is it possible that different groups of people have different cultural norms that may result in different behaviors towards laws? Or do we have the expecation that all people regardless of personal and cultural differences break the same laws with identical frequencies?

Adam
Subscriber

You’re partially correct. There can be a marked reduction of respect and trust of laws and police in communities of color, but this is entirely caused by the racist policing policies to begin with.

Spiffy
Subscriber

cameras don’t write tickets…

bikeninja
Guest
bikeninja

I don’t agree Adam, the bias in enforcement in places like Ferguson were caused by other dynamics. Logical thinking would lead to a different type of conclusion. If the police were targeting enforcement to raise revenue ( without other biases in play) they would target rich people who could afford to pay for the citations,

Adam
Subscriber

If you think that racial bias only happens in places you hear about on TV, well I’ve got news for you…

bikeninja
Guest
bikeninja

A rational economic move would be to target cars with washington license plates for enforcement to maximise the income stream in to Portland, instead of redistributing the money already here.

bikeninja
Guest
bikeninja

The answer is too end racial bias in enforcement, not to do less enforcement and allow drivers like the one who killed Mr. York to run free with nothing but rumble strips and narrow lanes to impede them.

Adam
Subscriber

Ending racial bias in enforcement will require a multi-faceted years long approach that must target the systemic racism that penetrates all facets of American politics and social constructs at its very core. Adding traffic-calming on a bridge can be done in a week.

Adam
Subscriber

And if you read the article, it states that because more cops are assigned to patrol minority neighborhoods, that an increase in enforcement will by its very nature be applied more heavily upon minorities. Ferguson is an extreme case for sure, but the factors that cause racial bias exist in every city in America — Portland included.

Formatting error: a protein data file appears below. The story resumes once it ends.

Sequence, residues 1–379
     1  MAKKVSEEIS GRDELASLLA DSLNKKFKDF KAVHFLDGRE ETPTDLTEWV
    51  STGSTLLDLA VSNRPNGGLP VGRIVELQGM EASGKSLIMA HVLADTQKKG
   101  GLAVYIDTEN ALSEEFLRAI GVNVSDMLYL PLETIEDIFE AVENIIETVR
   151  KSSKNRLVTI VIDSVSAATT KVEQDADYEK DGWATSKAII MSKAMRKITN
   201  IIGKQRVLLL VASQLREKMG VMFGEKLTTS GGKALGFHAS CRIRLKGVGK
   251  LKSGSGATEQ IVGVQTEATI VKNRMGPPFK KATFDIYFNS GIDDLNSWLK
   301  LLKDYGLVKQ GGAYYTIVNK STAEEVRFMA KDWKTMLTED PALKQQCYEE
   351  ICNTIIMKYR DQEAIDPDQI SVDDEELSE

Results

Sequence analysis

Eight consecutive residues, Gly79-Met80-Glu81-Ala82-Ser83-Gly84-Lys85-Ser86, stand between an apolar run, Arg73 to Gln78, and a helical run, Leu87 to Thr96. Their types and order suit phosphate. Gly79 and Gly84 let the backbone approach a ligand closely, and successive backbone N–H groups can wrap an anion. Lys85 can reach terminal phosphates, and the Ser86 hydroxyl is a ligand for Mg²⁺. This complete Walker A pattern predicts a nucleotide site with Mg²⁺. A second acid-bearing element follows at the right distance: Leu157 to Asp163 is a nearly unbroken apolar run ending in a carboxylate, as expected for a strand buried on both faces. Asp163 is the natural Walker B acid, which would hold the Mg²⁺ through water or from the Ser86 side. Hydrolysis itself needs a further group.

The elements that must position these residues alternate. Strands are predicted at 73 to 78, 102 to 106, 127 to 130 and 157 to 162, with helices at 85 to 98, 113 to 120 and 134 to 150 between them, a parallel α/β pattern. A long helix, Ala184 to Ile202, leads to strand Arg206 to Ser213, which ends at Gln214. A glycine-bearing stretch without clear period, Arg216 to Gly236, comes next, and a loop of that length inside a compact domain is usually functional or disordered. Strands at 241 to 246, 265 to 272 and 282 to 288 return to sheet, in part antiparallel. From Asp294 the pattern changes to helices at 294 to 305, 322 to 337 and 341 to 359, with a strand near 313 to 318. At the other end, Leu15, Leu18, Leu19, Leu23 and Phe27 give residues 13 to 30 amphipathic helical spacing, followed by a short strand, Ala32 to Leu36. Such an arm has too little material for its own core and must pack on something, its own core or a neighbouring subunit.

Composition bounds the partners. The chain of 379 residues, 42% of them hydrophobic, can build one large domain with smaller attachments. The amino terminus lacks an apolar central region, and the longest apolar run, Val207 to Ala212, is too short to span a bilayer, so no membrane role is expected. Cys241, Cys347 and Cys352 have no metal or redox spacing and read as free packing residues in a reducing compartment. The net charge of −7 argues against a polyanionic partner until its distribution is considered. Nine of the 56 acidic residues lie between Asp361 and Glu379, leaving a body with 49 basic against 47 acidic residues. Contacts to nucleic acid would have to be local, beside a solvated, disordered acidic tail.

Cops won’t just go after “rich neighborhoods” for a variety of reasons. “Rich neighborhood” typically means “white” (especially in Portland), and cops just don’t patrol white neighborhoods as much as they do minority ones. The people living in those neighborhoods also have greater means to defend themselves in court. Three — and this is the kicker — white affluent neighborhoods often implicitly use the police to keep their neighborhoods segregated by calling in “suspicious people”. If the police are actively defending rich whites, then they’re not exactly going to target them for bigger payouts, are they?

longgone
Guest
longgone

I want shitty lawless people to stay out of my neighborhood no matter what color they are. I am poor. Despite the lack of racial diversity Portland is blanketed with shady crime boarder to boarder. Plenty of crime committed by people of all colors here. You wanna chat sometime over coffee about crime in my old neighborhood in Missouri? You couldn’t handle the truth. I moved to St John’s 13 years ago. No matter the color of their skin, people of any moderate affluence pull their kids out of our schools up here and move elsewhere, usually before middle school. Portland is so soft compared to other towns it’s size. Id love to see you bike commute like I did every day for 25 years in Kansas City. 20 bucks says you would freak. Just saying… No apology for antidotal rant. Cops patrol poor neighborhoods ’cause crime is off the hook.

AC
Guest
AC

Automate it. Cops can’t catch everyone, cameras can.

Adam
Subscriber

Yep, and cameras don’t kill people.

Todd Boulanger
Guest
Todd Boulanger

The current legislative requirements about processing tickets from automated enforcement (as a moving violation) require a lot of labor to check them ($$$) and then any fine revenue is split with the county for legal processing/ court overhead, etc…so typical the true value of automated enforcement for OR/WA cities would be on the education and safety side…not $$$…if such a program were expanded.

[My recommendation to the City of San Jose Vision Zero program was just that – move from a fine/ revenue outcome to a safety education / poor driver intervention outcome.]

Adam
Subscriber

That’s fine. Traffic safety programs should never be about generating revenue, but about increasing safety. If this ends up costing taxpayers, well that’s the price we all must pay for safer streets.

Spiffy
Subscriber

there are currently thousands of illegally parked vehicles that cops drive past every day without citing…

if they wanted to make a different in how people act with their cars they could start with the ones that are just sitting around illegally…

even if you report these illegally parked cars they’re not that likely to be fined unless a parking enforcement officer is already in the area… unless the car is blocking a driveway, then they’ll be out fairly quickly…

Adam
Subscriber